One of the measures of the success of a project like Mr. Boone’s Davidson development is whether a strong community emerges from it. In 2007, the St. Alban’s neighborhood won an award as the best neighborhood of its size in North Carolina. (See Oct. 12, 2012, “10 years after battle, St. Alban’s neighborhood wins acclaim.”

The neighborhood has an active homeowners’ association, a regular newsletter and a variety of clubs and activities.

“Doug Boone set the standard for the right kind of developer Davidson needed as it faced decisions about how to manage the explosive growth in the late 1990s,” said former Davidson town planner Kris Krider, now a planner in Kannapolis. “He brought a lust for detail, a great sense of placemaking and development experience.”

Mr. Boone not only developed the neighborhood, he made his home there.

What sets the St. Alban’s neighborhood apart is its combination of dense residential development with open spaces and small parks. In a January article about problems with homeowners associations, writer Chip Dawson said:

“Parks are everywhere, trash cans are hidden, few cars are on the streets and residents you meet express great pride of place. Started in 1998 by Davidson developer Doug Boone, it quickly evolved into a tight-knit neighborhood of bridge clubs, book groups and a dinner group that draws dozens of people to area restaurants each month. … . In Old Davidson all the parks, 13 acres of them, are town parks managed by the Town of Davidson. They are accessible to everyone. They were built by the developer but turned over to the Town to complete the Davidson master plan for parks in that area. Residents give most of the credit to Mr. Boone—a dedicated visionary—citing his close attention to detail and steady effort to make sure everything worked.”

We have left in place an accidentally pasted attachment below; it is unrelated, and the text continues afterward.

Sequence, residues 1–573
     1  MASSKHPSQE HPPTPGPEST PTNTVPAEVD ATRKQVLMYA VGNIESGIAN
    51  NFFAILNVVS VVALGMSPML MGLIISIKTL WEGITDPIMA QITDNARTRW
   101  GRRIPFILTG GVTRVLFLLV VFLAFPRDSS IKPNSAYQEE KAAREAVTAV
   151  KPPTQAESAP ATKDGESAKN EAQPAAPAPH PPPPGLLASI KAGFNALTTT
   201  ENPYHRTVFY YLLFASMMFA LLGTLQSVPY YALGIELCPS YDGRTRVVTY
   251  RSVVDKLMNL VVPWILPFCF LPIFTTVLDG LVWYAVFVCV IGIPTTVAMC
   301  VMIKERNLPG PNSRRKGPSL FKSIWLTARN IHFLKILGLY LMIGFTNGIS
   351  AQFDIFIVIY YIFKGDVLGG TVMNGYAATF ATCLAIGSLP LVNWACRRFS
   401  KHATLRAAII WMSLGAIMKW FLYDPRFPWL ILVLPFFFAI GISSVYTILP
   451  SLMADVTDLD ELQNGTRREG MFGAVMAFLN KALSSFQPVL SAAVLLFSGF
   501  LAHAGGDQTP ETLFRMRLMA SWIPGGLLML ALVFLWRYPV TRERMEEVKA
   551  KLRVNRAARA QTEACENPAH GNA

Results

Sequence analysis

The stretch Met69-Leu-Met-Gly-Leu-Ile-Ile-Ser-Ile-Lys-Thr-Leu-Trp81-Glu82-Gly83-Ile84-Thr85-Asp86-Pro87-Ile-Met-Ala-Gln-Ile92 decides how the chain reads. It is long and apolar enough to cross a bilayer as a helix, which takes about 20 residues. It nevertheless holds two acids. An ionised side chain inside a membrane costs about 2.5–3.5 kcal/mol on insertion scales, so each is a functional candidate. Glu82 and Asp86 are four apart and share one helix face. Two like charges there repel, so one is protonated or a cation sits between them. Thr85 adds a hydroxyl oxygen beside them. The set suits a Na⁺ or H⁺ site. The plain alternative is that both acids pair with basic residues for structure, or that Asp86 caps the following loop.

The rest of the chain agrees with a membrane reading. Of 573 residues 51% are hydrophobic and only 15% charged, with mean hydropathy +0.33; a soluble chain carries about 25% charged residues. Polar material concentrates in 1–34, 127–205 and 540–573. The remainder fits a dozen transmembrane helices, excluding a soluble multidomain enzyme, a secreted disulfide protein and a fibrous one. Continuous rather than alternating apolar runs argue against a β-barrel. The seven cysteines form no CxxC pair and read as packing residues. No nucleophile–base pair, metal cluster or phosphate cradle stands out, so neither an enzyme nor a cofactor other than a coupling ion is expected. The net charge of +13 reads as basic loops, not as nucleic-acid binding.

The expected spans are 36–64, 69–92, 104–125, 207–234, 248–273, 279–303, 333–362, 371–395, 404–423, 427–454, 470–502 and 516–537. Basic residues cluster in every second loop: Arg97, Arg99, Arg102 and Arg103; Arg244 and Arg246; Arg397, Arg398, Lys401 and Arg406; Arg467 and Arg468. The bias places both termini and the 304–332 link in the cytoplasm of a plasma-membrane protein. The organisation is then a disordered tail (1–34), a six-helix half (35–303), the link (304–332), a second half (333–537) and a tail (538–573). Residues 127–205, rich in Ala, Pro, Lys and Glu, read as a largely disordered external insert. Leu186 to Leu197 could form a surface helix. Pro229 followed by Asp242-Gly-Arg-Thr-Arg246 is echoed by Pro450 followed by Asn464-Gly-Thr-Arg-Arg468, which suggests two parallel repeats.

In an interview for that January article, Mr. Boone said good design is the key to a successful development: “Architecture starts the process. If it’s attractive, values stay high.” To help get the design right, he hosted a community design workshop, or charrette, and invited residents and local elected officials.

Said Mr. Krider: “He has forever left us his brilliant solution for the elusive challenge we still face, how to create walkable neighborhoods that evolve into great communities. One day, 40 or so years from now, I imagine St. Alban’s (or simply ‘Boone’ as we called it in Town Hall) will be nominated to the National Register of Historic Places. He will be sadly missed but his legacy will ripen with age.”

Ms. Williams said Mr. Boone embraced the town’s vision for open space by incorporating parks and other open space that amounted to nearly 30 percent of the project. “Doug called this is everybody’s shared backyard,” she said. “He said when you live close to each other, you need to have space that is green and beautiful.”

Mr. Boone is survived by his children; Aaron Boone (Jacqueline), Alan Boone (Stacey), Richard Boone, Bill Boone and Elizabeth Boone (Devin Gray); grandchildren, Ana and Jessa Boone, Colin Fowler and Oliver Gray; sister, Marsha Taylor (Rick); niece, Kelley Leach (Jim) and their children, Hayden, McKenzie and Eli and very dear friend, Nancy Slagle.


A memorial service is planned Friday Aug. 10, 11 a.m., at St. Alban’s Episcopal Church. The family will greet friends following the service.

In lieu of flowers, memorial contributions may be made to Our Towns Habitat, 20310 N Main Street, Cornelius, NC 28031 or Arbor Day Foundation, 100 Arbor Avenue, Nebraska City, Neb. 68410